Businessman Arnold Glasow was famous for noting that "nothing lasts forever…" Who knows if he would have changed his mind had he lived until 2007 – the year the United States Postal Service unveiled its first-class forever stamp. Glasow may have been stunned to learn that the forever stamp essentially locks in the cost to mail a first-class letter – no matter how much the price of a stamp increases from the day it was purchased. Just look at postal history: It's happened 11 times since 2007, and it's about to happen again in 2021. Who could bemoan postal troubles after learning about the forever stamp, for even Glasow said, "Nothing lasts forever – not even your troubles."
A forever stamp is designed to always be worth the current value of a first-class stamp. As of late June 2021, the original forever stamp is worth 55 cents.
Recall the First Forever Stamp
Stamp collectors may like to think that the first forever stamp image remains locked in the minds of American consumers. Many of them were skeptical – pleasantly surprised, but skeptical just the same – as the post office unveiled the stamp, which featured the cracked liberty bell. Just as the bell is a symbol of America's independence from Great Britain, the forever stamp represented consumers' newfound independence from regularly escalating first-class postal rates. To some consumers, the premise of the stamp sounded too good to be true: Purchase a first-class forever stamp at current rates, the postal service said, and use it to mail a one-ounce letter:
- No matter when the stamp is purchased.
- No matter when the stamp is used.
- No matter how much stamp prices increase in the future.
The original forever stamp is worth more today than it was on the day of the postal service announcement on April 12, 2007. Then, a first-class stamp cost 41 cents. Since a forever stamp is designed to always be worth one first-class stamp, that stamp is now worth 55 cents, which is what a first-class stamp costs as of June 2021.
First-Class Stamp Worth Keeps Rising
The liberty bell may be cracked, but the idea to encourage consumers to continue using the U.S. Postal Service wasn't – not when they were already starting to send correspondence via email instead of by first-class letter or postcard. First-class postage rates have increased steadily since 2007, with increases taking effect in 2008, 2009, 2012, 2013, 2014, 2016, 2017, 2018, 2019 and 2020.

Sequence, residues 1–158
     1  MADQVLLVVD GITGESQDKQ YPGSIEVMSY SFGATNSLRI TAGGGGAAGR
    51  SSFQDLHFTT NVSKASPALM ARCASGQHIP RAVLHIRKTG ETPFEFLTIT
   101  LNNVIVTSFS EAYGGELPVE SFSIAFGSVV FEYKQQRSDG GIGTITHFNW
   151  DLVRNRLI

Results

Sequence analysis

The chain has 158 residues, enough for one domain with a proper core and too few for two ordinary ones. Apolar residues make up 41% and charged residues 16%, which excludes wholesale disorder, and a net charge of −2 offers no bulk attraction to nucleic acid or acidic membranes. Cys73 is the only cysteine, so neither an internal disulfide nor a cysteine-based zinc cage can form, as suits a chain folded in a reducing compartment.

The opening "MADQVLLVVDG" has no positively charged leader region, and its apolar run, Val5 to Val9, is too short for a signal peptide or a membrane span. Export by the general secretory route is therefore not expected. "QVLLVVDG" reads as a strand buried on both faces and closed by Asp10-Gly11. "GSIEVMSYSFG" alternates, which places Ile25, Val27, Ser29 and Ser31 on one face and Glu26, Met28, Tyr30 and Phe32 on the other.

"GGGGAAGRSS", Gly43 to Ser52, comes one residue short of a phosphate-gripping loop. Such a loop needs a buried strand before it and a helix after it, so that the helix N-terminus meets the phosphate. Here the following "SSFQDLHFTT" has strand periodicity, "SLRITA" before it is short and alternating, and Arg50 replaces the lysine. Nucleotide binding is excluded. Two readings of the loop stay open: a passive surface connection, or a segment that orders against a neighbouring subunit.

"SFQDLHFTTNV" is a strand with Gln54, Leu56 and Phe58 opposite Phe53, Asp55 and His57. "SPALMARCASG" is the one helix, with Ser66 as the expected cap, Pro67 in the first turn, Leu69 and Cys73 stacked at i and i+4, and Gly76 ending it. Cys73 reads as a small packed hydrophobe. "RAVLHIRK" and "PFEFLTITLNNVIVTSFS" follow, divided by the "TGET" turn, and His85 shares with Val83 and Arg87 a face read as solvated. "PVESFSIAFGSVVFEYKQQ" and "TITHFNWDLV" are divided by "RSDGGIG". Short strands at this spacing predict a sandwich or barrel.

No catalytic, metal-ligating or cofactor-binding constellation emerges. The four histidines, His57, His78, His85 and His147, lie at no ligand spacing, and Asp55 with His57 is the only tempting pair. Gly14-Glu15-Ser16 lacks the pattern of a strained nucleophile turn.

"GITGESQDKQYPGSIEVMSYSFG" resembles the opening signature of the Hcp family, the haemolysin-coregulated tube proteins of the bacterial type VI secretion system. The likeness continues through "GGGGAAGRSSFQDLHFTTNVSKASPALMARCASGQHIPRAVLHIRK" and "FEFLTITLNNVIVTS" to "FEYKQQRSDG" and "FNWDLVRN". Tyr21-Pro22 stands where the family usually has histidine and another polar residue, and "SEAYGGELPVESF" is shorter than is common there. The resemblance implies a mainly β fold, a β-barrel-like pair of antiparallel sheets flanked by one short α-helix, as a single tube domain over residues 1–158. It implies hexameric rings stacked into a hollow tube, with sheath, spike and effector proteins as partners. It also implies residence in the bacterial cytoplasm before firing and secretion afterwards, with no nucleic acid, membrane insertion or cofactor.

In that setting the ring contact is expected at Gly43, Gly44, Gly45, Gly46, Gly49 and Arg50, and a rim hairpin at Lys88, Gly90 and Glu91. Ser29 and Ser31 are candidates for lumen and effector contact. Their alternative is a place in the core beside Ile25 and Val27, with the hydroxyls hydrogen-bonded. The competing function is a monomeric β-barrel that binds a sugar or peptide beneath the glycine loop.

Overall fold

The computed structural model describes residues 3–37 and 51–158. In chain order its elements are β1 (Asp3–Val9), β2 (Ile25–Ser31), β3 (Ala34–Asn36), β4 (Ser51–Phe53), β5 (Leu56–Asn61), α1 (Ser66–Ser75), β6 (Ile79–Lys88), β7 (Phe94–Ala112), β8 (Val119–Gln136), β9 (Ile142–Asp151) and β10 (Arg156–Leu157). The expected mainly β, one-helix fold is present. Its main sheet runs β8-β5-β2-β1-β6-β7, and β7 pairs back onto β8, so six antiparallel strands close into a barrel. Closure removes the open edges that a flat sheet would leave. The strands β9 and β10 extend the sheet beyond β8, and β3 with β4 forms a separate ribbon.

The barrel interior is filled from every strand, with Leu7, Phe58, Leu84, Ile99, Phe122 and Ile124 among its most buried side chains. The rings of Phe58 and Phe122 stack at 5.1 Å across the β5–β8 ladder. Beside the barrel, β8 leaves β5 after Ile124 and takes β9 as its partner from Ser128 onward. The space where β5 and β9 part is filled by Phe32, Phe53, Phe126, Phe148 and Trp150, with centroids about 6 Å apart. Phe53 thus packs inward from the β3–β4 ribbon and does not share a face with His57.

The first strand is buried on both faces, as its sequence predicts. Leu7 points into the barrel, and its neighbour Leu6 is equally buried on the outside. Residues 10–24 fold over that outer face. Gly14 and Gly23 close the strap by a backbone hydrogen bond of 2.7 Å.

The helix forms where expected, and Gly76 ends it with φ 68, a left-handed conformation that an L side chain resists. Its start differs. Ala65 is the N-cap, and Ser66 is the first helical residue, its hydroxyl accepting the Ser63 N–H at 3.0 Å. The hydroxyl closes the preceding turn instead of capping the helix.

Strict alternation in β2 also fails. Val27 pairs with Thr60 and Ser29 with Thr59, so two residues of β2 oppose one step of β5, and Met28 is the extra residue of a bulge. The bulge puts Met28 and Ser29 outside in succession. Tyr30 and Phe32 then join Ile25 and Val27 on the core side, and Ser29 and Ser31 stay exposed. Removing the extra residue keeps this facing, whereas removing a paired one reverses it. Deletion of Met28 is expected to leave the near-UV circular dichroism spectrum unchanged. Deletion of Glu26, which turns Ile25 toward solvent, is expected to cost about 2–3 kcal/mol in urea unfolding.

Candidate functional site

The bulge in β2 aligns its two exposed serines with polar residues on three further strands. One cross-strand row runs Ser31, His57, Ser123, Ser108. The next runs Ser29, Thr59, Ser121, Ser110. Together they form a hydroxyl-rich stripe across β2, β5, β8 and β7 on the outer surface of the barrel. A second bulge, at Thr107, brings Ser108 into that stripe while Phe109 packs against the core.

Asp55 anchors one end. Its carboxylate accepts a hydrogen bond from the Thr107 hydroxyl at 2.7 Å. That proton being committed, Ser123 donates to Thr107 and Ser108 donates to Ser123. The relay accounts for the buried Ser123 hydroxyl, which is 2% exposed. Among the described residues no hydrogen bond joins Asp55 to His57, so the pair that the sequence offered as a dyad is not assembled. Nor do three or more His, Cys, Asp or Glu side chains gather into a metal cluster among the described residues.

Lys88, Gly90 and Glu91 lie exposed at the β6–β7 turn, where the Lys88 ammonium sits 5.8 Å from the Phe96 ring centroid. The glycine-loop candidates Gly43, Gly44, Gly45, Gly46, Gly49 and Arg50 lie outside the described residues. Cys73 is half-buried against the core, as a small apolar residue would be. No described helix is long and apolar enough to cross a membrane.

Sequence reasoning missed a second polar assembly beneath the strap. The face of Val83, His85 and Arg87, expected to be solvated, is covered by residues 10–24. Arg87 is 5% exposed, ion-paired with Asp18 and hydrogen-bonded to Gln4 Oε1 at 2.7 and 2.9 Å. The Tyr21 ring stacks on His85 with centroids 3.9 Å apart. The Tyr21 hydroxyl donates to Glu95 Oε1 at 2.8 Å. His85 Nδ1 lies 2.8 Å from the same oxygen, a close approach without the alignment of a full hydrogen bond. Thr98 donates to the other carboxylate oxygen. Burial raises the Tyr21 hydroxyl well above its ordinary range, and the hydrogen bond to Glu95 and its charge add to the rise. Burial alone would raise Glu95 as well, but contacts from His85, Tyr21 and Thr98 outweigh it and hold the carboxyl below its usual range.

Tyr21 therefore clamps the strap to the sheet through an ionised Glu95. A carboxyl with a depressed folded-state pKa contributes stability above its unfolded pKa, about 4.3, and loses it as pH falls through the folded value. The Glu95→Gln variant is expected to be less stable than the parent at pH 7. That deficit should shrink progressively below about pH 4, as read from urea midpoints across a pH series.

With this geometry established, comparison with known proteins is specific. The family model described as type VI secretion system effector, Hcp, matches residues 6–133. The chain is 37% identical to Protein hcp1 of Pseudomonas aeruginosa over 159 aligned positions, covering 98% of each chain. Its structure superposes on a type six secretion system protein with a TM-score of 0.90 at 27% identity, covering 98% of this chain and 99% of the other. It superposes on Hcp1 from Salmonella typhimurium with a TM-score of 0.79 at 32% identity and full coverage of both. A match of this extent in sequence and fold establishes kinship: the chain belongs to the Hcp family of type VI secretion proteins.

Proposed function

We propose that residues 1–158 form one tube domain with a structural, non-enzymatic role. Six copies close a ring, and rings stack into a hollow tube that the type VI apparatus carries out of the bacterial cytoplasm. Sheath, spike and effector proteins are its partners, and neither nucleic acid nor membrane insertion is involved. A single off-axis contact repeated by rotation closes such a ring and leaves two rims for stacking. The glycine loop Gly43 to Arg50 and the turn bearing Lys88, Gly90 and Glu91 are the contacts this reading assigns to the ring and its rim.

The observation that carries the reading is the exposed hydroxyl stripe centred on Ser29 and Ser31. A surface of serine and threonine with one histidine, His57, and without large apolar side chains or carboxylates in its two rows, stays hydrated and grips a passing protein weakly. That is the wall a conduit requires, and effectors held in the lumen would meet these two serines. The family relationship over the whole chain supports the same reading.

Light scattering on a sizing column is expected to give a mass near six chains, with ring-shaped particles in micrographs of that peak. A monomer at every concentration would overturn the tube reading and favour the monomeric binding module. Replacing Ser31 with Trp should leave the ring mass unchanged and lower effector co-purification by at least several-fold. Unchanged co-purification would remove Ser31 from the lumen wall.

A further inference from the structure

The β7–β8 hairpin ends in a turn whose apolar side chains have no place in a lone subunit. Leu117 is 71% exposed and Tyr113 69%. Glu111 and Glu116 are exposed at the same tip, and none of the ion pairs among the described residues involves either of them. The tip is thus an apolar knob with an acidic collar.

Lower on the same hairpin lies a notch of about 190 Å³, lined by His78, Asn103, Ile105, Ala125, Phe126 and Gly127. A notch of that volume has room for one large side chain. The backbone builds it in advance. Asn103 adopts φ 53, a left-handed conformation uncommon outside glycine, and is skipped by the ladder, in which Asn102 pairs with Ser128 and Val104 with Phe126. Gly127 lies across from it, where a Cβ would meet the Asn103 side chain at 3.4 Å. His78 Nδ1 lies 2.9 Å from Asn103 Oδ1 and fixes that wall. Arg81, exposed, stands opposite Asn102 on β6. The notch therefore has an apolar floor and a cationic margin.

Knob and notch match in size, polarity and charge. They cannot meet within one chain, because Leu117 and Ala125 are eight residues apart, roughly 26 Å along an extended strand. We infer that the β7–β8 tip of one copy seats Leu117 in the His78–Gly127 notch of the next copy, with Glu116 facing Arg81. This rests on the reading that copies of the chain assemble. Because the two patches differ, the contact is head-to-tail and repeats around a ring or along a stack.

In 2018, a forever stamp sold for 50 cents. So if you happen to find a book of 2018 stamps stuffed in the folds of your wallet, you could use these stamps to mail first-class letters today – without adding an additional 5 cents in postage to the envelope.
And consider the forward-thinking consumer who bought thousands of forever stamps in 2007. Since the stamps obviously never expire, he could still be using those stamps today on first-class envelopes – saving 14 cents on each envelope he mails. If you're kicking yourself for not getting in on the savings, consider doing so before August 29, 2021. This is when first-class postage rates are set to increase to 58 cents, according to Stamps.com.
First-Class Forever Stamps Depict More Variety
To be sure, forever stamps reduced the need for consumers to purchase 1- or 2-cent stamps to cover the difference between the value of the stamps they had on hand and the cost of stamps after a U.S. Postal Service increase took effect. (It also spared the service the hassle and expense of returning mail for insufficient postage.) But certain realities of sending letters through the mail remain unchanged.
For one, the postal service still returns a good deal of mail for lack of postage and so encourages consumers to purchase a scale, especially if they're heavily reliant on the postal service. A scale may sound like an indulgence until you consider that affixing two forever stamps to a 2-ounce letter costs $1.10 while that additional 1 ounce costs only 20 cents, for a total spend of only 75 cents.
Forever stamps can be used on international mail, but these prices are higher than domestic mail prices. So a scale would come in handy for these pieces, too. The liberty bell is gone from today's forever stamps but has been replaced with graphic choices that include scenes of nature, Stars Wars figures, a cup of coffee and even a "mystery message" that contains the words "more than meets the eye" – just like the stamp itself.